Offering Sacrifice to the Moon
The sacrifice to the moon on the Mid-Autumn Festival has a very long history, which dates back to the Zhou Dynasty (1046 - 256 BC). In ancient times, the emperors usually offered a sacrifice to the moon on the Autumnal Equinox at the place called Altar of the Moon. The Altar of the Moon in Beijing was where the emperors of the Ming (1368-1644) and Qing (1644-1911) Dynasties offered a sacrifice to the moon. Through the passage of time, this custom has been adopted into folk lore and now the sacrificial ceremony is usually held in family units. However, nowadays this activity continues only in certain rural areas or at attraction sites and no longer by the majority of Chinese families.
Following tradition, the major offerings for the sacrificial ceremony were moon cakes. Besides, there were watermelons cut into the shape of a lotus flower, grapefruits, boiled green soybeans, oranges and wine, etc, mostly edible things that are round in shape. This was significant as the Mid-Autumn Festival was a day for family reunion and the Chinese word for “round” had a similar pronunciation to that of “reunion”. The offerings would be set on a table that the moonlight could reach, or facing the general direction of the moon on cloudy or rainy nights. In front of the table, was an incense burner, with lighted red candles on each side.
With the announcement by the host, the ceremony began. Two deacons walked slowly to stand one each side of the offering table, followed by the officiant (usually the oldest woman in the family or the hostess) and the other attendants (family members), who all went down on their knees in front of the offering table. The officiant then took over three burning joss sticks from the deacon and made some wishes and then placed the joss sticks in the burner. This would be done three times. Then the officiant poured a cup of wine in front of the offerings and read prayers toward the moon. The paper with written prayers was then burnt, together with moonlight papers (the incense papers painted with the moon palace and goodness of the moon). After, all attendants genuflected three times. Finally, the attendants burnt the incense, made wishes and worshiped the moon one by one.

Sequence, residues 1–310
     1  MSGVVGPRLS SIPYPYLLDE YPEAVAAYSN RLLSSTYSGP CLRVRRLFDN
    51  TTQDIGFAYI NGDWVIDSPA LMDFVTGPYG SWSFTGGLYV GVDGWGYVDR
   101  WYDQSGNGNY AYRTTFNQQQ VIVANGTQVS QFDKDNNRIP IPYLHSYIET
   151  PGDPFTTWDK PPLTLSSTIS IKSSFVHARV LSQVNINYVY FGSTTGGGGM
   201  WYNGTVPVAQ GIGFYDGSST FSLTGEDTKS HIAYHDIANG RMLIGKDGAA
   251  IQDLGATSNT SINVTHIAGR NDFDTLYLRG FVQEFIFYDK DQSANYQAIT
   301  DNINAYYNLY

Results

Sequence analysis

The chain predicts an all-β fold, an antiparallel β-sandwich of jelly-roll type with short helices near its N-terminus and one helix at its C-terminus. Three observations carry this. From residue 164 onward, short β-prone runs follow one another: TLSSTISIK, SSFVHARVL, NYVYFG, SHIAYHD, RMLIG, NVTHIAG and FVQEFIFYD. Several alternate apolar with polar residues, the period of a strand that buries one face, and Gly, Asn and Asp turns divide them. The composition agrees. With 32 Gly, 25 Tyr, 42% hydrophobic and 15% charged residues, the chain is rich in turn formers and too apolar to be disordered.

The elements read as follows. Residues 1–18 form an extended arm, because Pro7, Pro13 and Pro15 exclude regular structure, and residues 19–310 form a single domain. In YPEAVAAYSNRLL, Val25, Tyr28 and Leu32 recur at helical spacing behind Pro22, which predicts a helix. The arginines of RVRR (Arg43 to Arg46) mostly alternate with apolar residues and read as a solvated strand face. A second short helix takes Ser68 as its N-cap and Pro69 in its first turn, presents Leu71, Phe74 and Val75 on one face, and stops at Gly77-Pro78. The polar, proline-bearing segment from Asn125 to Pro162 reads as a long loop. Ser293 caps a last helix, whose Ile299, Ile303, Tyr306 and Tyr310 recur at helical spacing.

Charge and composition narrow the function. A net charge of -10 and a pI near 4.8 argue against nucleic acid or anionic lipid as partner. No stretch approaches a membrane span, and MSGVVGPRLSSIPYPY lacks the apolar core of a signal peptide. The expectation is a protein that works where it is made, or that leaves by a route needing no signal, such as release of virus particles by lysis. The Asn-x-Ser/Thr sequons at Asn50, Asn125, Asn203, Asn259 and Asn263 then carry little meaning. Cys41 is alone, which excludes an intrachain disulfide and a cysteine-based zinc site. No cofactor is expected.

|Appreciating the Moon || |
|Delicious Moon Cakes |
Appreciating the Moon
Compared with the moon sacrificial ceremony, the custom of appreciating the moon is much more popular among modern people. The family members sit around a table and appreciate the moon, while talking to each other and eating the offerings from the ceremony, etc. The custom was actually derived from the sacrificial ceremony, which made a serious activity into a relaxing one. It started in the Three Kingdoms Period (220 - 280 AD) to the Jin Dynasty (265 - 420 AD). In the Tang Dynasty (618 - 907 AD), the custom became very popular. There are many works of literature of that time praising the moon and expressing yearnings to distant relatives and friends. It was during the Song Dynasty (960-1279 AD) that a folk festival involving appreciation of the moon was formed and it became the earliest official Mid-Autumn Festival.
The origin is attributed to the victorious insurrectionary army of the Yuan Dynasty (1271 - 1368 AD) that had passed messages by hiding notes in moon cakes. As gifts, the leader gave moon cakes to his subordinates on the coming Mid-Autumn Festival. Since then, the custom of eating moon cakes on Mid-Autumn Day became established. In following eras, after the moon sacrificial ceremony, the officiant cut the biggest moon cake into even pieces based on the number of family members and passed them around to each of them. Even those who could not make it home on the night had a piece reserved for them because the moon cake signified reunion and the cake sacrificed to the moon was considered auspicious. Nowadays, although most families do not hold the sacrificial ceremony, family members still gather together to share the delicious round moon cakes on the festival night.
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In addition to these common customs, there are those that are popular in certain areas on Mid-Autumn Day. In southern China, children play with festival lanterns. In Hong Kong, one of the most important activities is the fire dragon dances; in Shanghai, people go out for moon appreciation instead of staying inside and they burn incense buckets. In Taiwan, people set off sky lanterns and single girls steal vegetables, which hopefully can bring them a 'Mr. Right.’ These form only the tip of the iceberg. If one attends a Mid-Autumn Festival in China, they will find more interesting customs for sure.
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|Festival Lanterns |
Although originally a festival among the Han Chinese, the Mid-Autumn Festival is now very popular among ethnic minorities too and they have some unique and interesting customs, such as chasing the moon of Mongolians, seeking the moon of Tibetans and dancing in the moonlight of the Yi people, etc.
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- Last modified on Jul. 29, 2019 -